Is Mark Fisher’s “capitalist realism” this generation’s “end of history thesis”? For nearly thirty years Francis Fukuyama’s contention that “Western liberal democracy” represents “the endpoint of mankind’s ideological evolution” has measured the ebb and flow of history. The collapse of the World Trade Center; the Iraq and Afghanistan wars; the 2008 financial crisis, the rise of ISIS, the climate crisis, and now the coronavirus have each prompted op-eds testing the thesis and finding it confirmed or wanting.
In 2017 even Fukuyama had a go at becoming an anti-Fukuyamist when he voiced concern for the future of Western democracy, later going as far as to say that socialism “ought to come back” — if only to save capitalism from itself.
Since 2009, when Fisher first defined capitalist realism as “the widespread sense that not only is capitalism the only viable political and economic system, but also that it is now impossible to even imagine a coherent alternative to it,” his theory has inspired similar periodizations.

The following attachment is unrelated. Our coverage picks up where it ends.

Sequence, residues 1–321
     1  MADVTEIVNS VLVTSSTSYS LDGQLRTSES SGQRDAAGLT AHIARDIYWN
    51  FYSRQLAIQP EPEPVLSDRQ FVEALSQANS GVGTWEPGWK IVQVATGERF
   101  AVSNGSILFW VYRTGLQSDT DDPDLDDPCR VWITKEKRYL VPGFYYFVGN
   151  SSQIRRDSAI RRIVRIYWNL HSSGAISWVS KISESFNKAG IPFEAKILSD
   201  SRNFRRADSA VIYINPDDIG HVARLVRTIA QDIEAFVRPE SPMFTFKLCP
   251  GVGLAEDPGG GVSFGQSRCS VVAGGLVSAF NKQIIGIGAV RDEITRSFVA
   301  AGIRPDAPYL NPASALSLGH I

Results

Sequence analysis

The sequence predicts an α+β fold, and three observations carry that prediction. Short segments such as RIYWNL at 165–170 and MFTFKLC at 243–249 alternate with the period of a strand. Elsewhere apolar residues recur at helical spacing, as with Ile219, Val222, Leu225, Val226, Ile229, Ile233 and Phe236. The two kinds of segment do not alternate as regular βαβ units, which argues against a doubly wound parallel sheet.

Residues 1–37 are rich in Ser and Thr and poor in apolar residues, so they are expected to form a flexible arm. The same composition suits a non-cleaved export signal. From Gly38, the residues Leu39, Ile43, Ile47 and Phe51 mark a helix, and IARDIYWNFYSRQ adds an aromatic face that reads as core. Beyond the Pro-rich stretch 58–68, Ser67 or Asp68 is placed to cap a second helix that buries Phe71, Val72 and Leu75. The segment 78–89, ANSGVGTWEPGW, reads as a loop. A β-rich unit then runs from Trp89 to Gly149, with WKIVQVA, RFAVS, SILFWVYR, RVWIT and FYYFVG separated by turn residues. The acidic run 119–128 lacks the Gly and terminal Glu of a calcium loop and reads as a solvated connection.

Already in 2012, Paul Mason was convinced that the era capitalist realism was over. Carried away by the excitement of the Arab Spring and Occupy movements, Mason believed that capitalism’s hold on reality was broken and that a new, networked and democratic future was in the making.
Fisher disagreed. Capitalist realism, he explained, was more pernicious than Mason realized. Many of those who consciously oppose capitalism have often unconsciously accepted it as the unalterable backdrop to their anti-capitalism. From this perspective, the Arab Spring and Occupy Movement look exactly how we should expect capitalist realist protests to look. Both struggles knew what they were against but they were incapable of articulating a vision of the future that broke with the capitalist horizon. Their demands, if they made any at all, were for an extension of bourgeois democracy and for a more equal distribution of capitalism’s ill-gotten gains. Capitalist realism, in other words, persisted.